In 1873 Muir widened the field of his explorations and, after mother visit to the upper Yosemite regions, he set out in September, accompanied by Dr. Albert Kellogg, botanist, and William Sims, artist, on a trip to the Kings River region. Galen Clark accompanied them for the first two weeks of the journey, from the Mariposa Grove to the upper San Joaquin; the others continued across the South Fork of the San Joaquin to the divide between that river and the North Fork of the Kings. From this point Muir set out on a solitary journey for a few days and climbed the highest mountain at the head of the San Joaquin, which he supposed was the one named by the Whitney Survey Mount Humphreys. His description, however, clearly indicates that he was on one of the mountains a little farther south, probably Mount Darwin. A neighboring peak he named Mount Emerson in honor of Ralph Waldo Fireman with whom he had spent several days in Yosemite Valley and the Mariposa Grove in May 1871.
Muir rejoined his companions and, continuing to the Kings River, they descended the 7,000 foot wall into the lower canyon below the junction of the South and Middle forks and climbed out on the other side to the Converse Basin. There they observed the destruction of the sequoia and pine forests by axe, saw, and dynamite. From Thomas’ Mill, they turned to the northeast and visited Kings River Canyon where, for the first time, Muir beheld this remarkable counterpart of Yosemite. Again leaving his companions for a few days, Muir climbed to the summit of what he supposed to be Mount Tyndall; but, as his description places it at the head of one of the tributaries of Kings River, he doubtless ascended what is now known as Junction Peak or possibly its neighbor, Mount Keith. Precise points of nomenclature and geological position were never of particular interest to Muir although in describing natural phenomena he was remarkably accurate. He continued his journey to the head-waters of the Kern and climbed some of the peaks between Tyndall and Whitney, very likely including the true Mount Tyndall.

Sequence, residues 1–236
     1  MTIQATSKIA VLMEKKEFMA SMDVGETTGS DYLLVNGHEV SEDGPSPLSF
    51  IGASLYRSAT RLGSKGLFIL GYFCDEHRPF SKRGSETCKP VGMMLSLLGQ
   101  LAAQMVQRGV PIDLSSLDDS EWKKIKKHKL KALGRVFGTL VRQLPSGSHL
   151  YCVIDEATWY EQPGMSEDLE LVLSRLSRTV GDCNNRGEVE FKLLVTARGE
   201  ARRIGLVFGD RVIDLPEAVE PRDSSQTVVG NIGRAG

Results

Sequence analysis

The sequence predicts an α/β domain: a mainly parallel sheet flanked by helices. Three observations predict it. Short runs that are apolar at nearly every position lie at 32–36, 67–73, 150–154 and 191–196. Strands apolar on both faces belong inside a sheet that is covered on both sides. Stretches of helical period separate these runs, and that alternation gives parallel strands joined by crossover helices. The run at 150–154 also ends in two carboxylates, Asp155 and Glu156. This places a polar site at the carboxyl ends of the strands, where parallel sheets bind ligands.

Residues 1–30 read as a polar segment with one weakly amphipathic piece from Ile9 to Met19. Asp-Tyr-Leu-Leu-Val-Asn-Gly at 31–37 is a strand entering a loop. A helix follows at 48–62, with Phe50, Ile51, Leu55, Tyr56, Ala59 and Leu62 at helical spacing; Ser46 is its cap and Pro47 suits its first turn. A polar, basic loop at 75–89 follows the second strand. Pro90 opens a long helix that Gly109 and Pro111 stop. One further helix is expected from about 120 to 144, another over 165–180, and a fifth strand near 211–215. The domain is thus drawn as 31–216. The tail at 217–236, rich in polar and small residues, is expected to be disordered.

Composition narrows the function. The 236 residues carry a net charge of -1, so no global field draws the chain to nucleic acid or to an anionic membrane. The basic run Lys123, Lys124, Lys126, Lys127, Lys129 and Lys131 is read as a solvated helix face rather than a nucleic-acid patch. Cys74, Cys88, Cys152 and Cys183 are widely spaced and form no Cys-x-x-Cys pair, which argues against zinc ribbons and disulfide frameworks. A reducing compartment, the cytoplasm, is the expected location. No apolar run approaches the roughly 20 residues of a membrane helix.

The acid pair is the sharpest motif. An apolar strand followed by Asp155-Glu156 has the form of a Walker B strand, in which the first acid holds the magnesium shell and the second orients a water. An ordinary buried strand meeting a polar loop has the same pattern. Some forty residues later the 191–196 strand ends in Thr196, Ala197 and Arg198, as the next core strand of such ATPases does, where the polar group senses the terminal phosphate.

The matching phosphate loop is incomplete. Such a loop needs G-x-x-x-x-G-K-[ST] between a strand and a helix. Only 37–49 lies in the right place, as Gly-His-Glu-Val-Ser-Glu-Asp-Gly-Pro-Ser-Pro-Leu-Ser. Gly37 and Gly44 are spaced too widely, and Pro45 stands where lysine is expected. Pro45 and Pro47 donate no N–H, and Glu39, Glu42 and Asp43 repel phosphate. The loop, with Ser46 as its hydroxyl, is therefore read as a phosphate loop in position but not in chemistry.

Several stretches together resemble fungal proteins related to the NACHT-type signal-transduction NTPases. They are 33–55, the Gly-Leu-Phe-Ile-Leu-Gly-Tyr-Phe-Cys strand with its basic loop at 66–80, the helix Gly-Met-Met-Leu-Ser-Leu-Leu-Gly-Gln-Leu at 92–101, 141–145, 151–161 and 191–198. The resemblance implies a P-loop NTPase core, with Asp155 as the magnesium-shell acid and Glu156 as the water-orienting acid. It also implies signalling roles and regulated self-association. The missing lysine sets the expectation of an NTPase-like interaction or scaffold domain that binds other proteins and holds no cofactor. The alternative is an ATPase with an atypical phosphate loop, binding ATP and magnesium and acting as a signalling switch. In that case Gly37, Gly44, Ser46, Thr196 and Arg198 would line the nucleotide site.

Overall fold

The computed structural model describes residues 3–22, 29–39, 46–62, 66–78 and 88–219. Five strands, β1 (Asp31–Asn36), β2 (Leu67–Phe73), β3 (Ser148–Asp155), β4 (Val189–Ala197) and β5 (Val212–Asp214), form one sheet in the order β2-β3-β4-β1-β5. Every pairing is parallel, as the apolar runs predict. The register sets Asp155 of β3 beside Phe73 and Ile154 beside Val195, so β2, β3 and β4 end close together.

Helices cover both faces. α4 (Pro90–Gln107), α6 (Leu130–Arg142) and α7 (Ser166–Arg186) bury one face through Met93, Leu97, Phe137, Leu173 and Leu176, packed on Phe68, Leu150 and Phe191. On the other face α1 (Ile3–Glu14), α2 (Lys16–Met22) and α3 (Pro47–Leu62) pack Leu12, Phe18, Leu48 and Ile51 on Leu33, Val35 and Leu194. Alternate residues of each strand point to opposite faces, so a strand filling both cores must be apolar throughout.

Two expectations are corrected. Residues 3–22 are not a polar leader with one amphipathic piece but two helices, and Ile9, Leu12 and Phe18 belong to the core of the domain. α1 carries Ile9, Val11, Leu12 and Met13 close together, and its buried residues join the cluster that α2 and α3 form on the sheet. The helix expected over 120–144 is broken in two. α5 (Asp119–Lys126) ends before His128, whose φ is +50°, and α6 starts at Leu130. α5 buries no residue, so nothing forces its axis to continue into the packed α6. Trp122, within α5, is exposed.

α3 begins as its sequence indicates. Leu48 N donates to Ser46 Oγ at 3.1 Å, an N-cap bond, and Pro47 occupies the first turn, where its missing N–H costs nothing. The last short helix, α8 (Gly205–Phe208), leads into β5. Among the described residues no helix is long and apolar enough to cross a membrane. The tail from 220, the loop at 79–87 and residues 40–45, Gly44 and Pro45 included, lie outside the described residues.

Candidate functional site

Upon his return to Kings River Canyon, the party resumed their journey up Bubbs Creek and crossed Kearsarge Pass to Independence. Muir, more active than his companions, was eager to reach Mount Whitney. As will be seen later, the location of the true Mount Whitney had been obscured for several Years by mistakes of Hoffmann and King, and the error had been discovered only a few weeks before Muir and his party arrived in Owens Valley. His first journey to the mountain was with horse home by way of Cottonwood Creek. He left Independence on October 14, climbed the false Mount Whitney next day, and spent the following night without fire or food on one of the spires near the true Mount Whitney, dancing about all night to keep warm. Hampered by the care of a horse, he did not reach the summit of the highest peak, but returned to Independence. After two days of resting he set out again, this time on foot. Camping at timberline the second night, he reached the summit the following morning by 8 o’clock. In his original journal the date appears to be October 21. Here he found the records of Clarence King and Carl Rabe, the latter inscribed on a half-dollar as follows: “Notice—Gentlemen—the looky finder of this half a Dollar is wellkome to it. Carl Rabe—Sep 6th, 1873.” Muir says, “Of course, I replaced these records, as well as Carl Rabe’s half a dollar, but did not add my own name. I have never left my name on any mountain, rock, or tree in any wilderness I have explored or passed through, though I have spent ten years in the Sierra alone.” 70